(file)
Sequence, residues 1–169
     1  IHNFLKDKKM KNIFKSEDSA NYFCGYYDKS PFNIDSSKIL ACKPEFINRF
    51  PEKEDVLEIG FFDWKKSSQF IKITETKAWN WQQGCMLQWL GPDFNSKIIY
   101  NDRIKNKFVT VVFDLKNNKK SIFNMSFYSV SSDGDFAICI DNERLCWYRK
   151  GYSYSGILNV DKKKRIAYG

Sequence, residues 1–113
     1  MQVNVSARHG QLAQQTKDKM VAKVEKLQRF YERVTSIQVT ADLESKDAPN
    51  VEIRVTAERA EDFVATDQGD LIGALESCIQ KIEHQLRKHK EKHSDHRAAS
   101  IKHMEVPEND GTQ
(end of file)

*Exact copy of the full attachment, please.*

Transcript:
Sequence, residues 1–169
     1  IHNFLKDKKM KNIFKSEDSA NYFCGYYDKS PFNIDSSKIL ACKPEFINRF
    51  PEKEDVLEIG FFDWKKSSQF IKITETKAWN WQQGCMLQWL GPDFNSKIIY
   101  NDRIKNKFVT VVFDLKNNKK SIFNMSFYSV SSDGDFAICI DNERLCWYRK
   151  GYSYSGILNV DKKKRIAYG

Sequence, residues 1–113
     1  MQVNVSARHG QLAQQTKDKM VAKVEKLQRF YERVTSIQVT ADLESKDAPN
    51  VEIRVTAERA EDFVATDQGD LIGALESCIQ KIEHQLRKHK EKHSDHRAAS
   101  IKHMEVPEND GTQ